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Skier's Thumb FOOSH

How to prevent – or recover from – Skier’s Thumb

Most people don’t think about hand or thumb injuries when they think about skiing or snowboarding, but skier’s thumb is actually quite common: it impacts around 200,000 people each year!

What is skier’s thumb?

Skier’s thumb is an injury to the ligament at the base of the thumb joint, known as the ulnar collateral ligament. It can range from a mild sprain to a severe ligament tear.

How does it happen? What Causes Skier’s Thumb?

Skier’s thumb isn’t just for skiers. It can happen to snowboarders or other athletes too. There are actually many ways this kind of injury can happen.

Among them, skier’s thumb can occur when you fall on an outstretched hand (known as “FOOSH”), stretching the ulnar collateral ligament on impact, or when your thumb is swiftly stretched or extended beyond its natural range, like when your ski pole gets stuck in wet, heavy snow. 

Is Skier’s Thumb serious?

It can be, depending on the nature of the injury. People often experience pain as well as bruising and swelling, and many also report lack of stability or weakness in the joint.

Sprains can range from mild, to moderate, to severe. Mild sprains stretch, but do not tear, the ligament. Moderate sprains equate to a partial tear, and severe sprains are also referred to as a “full thickness” tear. This occurs when the ulnar collateral ligament that attaches the phalanx (the lower thumb bone) to the metacarpal (the bone in the hand below the thumb) is torn completely.

In some cases, the ligament can pull away from the bone entirely and even pull a bone chip along with it. This type of injury is called an avulsion fracture.

But even if you don’t tear your ligament, it’s really important to have your hand looked at by an orthopedic specialist if you are experiencing symptoms or think you have a skier’s thumb injury. Without proper diagnosis and treatment, an injury can become bothersome and lead to complications down the road. If skier’s thumb is not properly treated, it can lead to chronic pain, weakness and lack of stability. This can also lead to arthritis later on, which can increase pain and limit range of motion.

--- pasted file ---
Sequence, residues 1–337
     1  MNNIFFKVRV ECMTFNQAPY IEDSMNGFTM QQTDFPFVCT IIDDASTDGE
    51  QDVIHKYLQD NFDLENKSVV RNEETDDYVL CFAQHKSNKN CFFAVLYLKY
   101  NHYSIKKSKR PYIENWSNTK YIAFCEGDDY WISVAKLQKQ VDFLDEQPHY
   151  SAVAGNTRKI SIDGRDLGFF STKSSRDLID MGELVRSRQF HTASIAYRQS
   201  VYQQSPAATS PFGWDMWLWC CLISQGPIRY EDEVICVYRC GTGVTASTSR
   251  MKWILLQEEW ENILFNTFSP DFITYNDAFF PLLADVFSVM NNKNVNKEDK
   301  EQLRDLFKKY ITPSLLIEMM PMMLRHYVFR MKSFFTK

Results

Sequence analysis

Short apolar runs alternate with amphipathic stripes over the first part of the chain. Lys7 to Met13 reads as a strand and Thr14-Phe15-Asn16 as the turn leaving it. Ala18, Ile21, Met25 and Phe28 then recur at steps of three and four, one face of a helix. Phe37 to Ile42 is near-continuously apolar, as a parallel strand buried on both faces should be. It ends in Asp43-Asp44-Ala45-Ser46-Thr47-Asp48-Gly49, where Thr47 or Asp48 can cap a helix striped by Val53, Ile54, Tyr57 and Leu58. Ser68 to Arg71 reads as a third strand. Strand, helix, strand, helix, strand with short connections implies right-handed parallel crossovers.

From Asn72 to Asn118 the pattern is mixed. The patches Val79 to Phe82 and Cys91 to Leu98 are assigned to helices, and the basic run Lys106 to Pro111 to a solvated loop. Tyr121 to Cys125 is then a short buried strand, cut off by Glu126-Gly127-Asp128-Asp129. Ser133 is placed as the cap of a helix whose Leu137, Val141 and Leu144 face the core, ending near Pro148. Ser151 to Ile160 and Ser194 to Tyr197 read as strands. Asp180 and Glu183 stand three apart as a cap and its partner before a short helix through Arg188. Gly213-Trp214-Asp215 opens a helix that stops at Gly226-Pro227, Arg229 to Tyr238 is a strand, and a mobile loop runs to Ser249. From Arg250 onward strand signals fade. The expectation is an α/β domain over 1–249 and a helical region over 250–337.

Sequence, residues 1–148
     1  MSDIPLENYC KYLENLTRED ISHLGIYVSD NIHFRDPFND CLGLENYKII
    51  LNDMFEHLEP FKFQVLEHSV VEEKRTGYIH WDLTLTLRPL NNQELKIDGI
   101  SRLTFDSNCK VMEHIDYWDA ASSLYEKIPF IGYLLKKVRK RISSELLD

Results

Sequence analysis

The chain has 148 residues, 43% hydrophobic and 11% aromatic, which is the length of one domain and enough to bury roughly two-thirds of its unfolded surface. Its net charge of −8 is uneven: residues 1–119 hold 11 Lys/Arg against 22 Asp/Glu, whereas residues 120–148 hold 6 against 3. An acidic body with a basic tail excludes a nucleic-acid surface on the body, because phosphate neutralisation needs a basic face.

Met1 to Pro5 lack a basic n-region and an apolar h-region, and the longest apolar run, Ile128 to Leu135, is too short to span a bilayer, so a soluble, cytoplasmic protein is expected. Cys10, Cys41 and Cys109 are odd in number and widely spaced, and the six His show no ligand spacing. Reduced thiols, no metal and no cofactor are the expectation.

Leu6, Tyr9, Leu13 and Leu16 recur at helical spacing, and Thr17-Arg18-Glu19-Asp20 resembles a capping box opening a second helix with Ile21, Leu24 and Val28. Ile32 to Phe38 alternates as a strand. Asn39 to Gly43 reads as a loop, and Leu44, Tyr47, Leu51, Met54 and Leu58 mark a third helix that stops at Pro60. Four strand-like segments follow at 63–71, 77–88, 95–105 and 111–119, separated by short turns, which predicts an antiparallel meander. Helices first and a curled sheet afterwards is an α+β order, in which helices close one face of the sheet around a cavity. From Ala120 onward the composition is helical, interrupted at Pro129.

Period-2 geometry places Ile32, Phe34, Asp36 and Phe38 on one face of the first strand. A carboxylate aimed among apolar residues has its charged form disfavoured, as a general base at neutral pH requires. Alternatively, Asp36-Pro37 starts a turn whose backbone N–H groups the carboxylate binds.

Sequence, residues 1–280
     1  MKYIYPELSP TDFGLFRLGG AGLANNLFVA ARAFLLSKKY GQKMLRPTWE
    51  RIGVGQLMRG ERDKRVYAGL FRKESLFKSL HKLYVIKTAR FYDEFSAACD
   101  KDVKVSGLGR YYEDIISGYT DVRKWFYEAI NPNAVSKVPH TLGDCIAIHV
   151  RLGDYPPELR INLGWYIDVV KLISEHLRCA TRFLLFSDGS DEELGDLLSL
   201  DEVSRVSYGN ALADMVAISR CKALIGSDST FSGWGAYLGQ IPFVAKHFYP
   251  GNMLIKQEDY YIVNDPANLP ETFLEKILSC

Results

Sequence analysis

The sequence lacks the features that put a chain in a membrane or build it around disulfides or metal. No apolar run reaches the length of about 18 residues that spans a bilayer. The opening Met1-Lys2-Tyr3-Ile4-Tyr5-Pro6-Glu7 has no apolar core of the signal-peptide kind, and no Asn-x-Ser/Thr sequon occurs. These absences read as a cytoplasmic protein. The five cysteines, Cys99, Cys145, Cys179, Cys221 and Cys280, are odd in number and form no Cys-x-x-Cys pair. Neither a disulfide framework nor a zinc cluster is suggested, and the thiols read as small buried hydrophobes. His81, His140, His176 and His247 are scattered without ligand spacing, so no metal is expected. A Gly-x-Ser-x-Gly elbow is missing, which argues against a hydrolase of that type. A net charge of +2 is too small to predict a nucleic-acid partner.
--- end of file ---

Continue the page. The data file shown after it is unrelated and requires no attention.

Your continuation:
The ulnar collateral ligament helps the thumb and hand with the all-important grasping motion, so it’s important to maintain this joint’s strength and stability.

To determine the severity and nature of your injury, your doctor will perform a physical examination to test the stability of your joint and determine your pain level, as well as ask questions about how the injury occurred. If your doctor suspects a more severe tear, a thumb fracture, they may request an MRI or Xray or both.

How to treat skier’s thumb?
While mild sprains can heal quickly, and your doctor may recommend “RICE” – Rest Ice Compression and Elevation. This combination enables healing and reduces swelling. Some sprains may require a cast or small splint that can stabilize the thumb and allow the injured ligament to heal over the course of 4 to 6 weeks. When treating more severe cases, such as a full ligament tear, your orthopedic specialist may recommend surgery to reconnect your ligament and bone or repair a fracture if needed. You will need to wear a splint or cast for up to 12 weeks following surgery to ensure proper healing.

If you think you have skier’s thumb, or another hand or wrist injury, it’s smart to seek a diagnosis. The hand and wrist specialists at OCC’s Advanced Orthopedic and Sports Medicine specialists are here to help! Meet our doctors and learn more. We have three convenient locations to serve you.

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